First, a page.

By Larry Madowo, former BBC Africa Business editor
A year after its much heralded debut on the New York Stock Exchange, e-commerce start-up Jumia has shut down in three African states, struggled to turn a profit and got dumped by its original owners.
The two CEOs of Jumia announced earlier this month that they were taking a 25% pay cut to support the online retailer manage costs during the coronavirus pandemic.
In 2019, the duo and the company’s chief financial officer collectively earned $5.3m (£4.27m) in base salaries and one-time bonuses. But Jumia’s losses rose 34% to $246m, the eighth straight year without profits.
A silver lining arrived with lockdowns that shut down much economic activity but led to a surge in online shopping. Before the rush, the African online retailer had ended last year with 6.1 million active consumers on its websites, up from 4 million previously.
As the virus spread, Jumia expanded grocery and sanitary offerings, introduced contactless delivery options and promoted cashless payments. It also started selling essential items in South Africa using its fashion retail subsidiary Zando’s infrastructure.
The two Frenchmen who run Jumia as co-CEOs, Jeremy Hodara and Sacha Poignonnec, reduced their salaries just days before the first anniversary of its initial public offering (IPO) on the New York Stock Exchange (NYSE).
When it listed last April, Juliet Anammah walked up to the security check-in tent outside the world’s most famous stock trading venue.
Another woman standing nearby snapped a photo of a large banner draped over the front of the iconic building emblazoned with the Jumia logo reading: “The 1st African tech start-up to be listed on the NYSE.”
“I’ve worked on Wall Street for 25 years and I’ve never seen an African banner there,” she told Ms Annamah, then the firm’s country CEO in Nigeria.
Jumia is a three-headed online giant: a marketplace with one billion annual visits largely dominated by third-party sellers, a logistics arm that handles shipments and deliveries, and a payments platform.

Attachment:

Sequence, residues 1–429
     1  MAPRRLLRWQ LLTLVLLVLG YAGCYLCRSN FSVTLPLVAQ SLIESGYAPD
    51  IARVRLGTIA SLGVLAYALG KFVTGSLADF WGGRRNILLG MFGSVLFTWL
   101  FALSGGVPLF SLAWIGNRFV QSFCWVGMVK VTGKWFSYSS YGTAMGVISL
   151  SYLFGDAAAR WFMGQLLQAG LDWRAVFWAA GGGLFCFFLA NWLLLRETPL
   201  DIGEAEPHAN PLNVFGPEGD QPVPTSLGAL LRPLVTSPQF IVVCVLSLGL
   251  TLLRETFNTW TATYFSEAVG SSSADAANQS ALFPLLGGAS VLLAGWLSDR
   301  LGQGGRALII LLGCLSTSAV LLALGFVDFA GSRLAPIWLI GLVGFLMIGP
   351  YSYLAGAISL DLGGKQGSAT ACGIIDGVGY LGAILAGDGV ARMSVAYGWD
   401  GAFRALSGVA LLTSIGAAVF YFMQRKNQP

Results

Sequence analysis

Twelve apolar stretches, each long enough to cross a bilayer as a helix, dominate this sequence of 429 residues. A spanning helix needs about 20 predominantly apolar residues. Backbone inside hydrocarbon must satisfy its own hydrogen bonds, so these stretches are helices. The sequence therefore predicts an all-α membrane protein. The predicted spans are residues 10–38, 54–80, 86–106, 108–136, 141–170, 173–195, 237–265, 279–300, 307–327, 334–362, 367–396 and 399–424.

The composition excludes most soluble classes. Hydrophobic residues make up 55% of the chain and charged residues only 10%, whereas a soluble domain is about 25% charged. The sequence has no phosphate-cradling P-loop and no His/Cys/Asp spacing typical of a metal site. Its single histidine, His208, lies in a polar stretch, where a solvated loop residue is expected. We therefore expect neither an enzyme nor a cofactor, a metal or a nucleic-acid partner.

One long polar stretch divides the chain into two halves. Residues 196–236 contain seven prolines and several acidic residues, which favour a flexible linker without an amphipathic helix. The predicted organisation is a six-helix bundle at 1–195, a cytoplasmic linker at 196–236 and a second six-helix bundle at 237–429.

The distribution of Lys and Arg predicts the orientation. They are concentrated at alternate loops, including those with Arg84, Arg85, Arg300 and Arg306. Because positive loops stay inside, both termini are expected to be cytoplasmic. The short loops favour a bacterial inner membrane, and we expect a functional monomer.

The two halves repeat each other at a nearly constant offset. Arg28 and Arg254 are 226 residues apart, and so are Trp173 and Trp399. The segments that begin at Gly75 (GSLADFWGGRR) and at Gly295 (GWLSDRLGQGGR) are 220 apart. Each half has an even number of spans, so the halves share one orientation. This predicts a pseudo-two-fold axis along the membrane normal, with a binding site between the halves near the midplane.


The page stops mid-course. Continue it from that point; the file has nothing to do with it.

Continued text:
Ms Anammah led her colleagues in ringing the bell above the trading floor of the stock exchange at exactly 09:30 on 12 April 2019.
“There was no champagne later to celebrate. We’re still a start-up,” she remembered recently at her office Lagos.
Jumia listed at $14.50 a share, valuing the company at $1.1bn. Just four days later, its stock hit $49.77, raising its value to an African startup record of $3.8bn.
It would not last. Within a few weeks, Jumia’s stock suffered a spectacular decline, weighed down by allegations of fraud and concealed losses, a scathing report by a notorious short-seller, embarrassing fraud lawsuits in New York courts and a public relations disaster over its identity.
The share price sunk to an all-time low of $2.15 last August and has not budged.
The company exited three of its 14 country markets – Rwanda, Tanzania and Cameroon – in quick succession and tried to chart a path to profitability.
A week before its first birthday on the stock market, its original owner, German technology investor Rocket Internet, dumped its entire 11% stake, further knocking the wind out of Jumia’s sails.
“Jumia’s first year on the NYSE is a proper reflection of the value of the company,” says Rebecca Enonchong, a Cameroonian tech entrepreneur and a critic of the firm.
“The hubris of the IPO has led way to the reality of a bad business model. The stock price, hovering under $3, is a reflection of that.”
Jumia’s IPO was billed as a coming of age story for the continent’s nascent start-ups, but it arrived on Wall Street just as the market’s patience for unprofitable unicorns started wearing out.
The American e-commerce giant Amazon, to which it is often compared, took six years to become profitable, but eight years after its launch, Jumia is still struggling.
‘Impossible to work’
That bad news capped a tumultuous year for the company, praised and derided as “the Amazon of Africa”.
“Their business is still fundamentally broken, they have no way out,” says Olumide Olusanya, an early competitor of Jumia’s in Lagos.
The entrepreneur, who went into business after quitting his job as a doctor, thinks it is burning too much cash too fast in a low-margin market.
“It is practically impossible to work. I don’t envy the guy running the business.”
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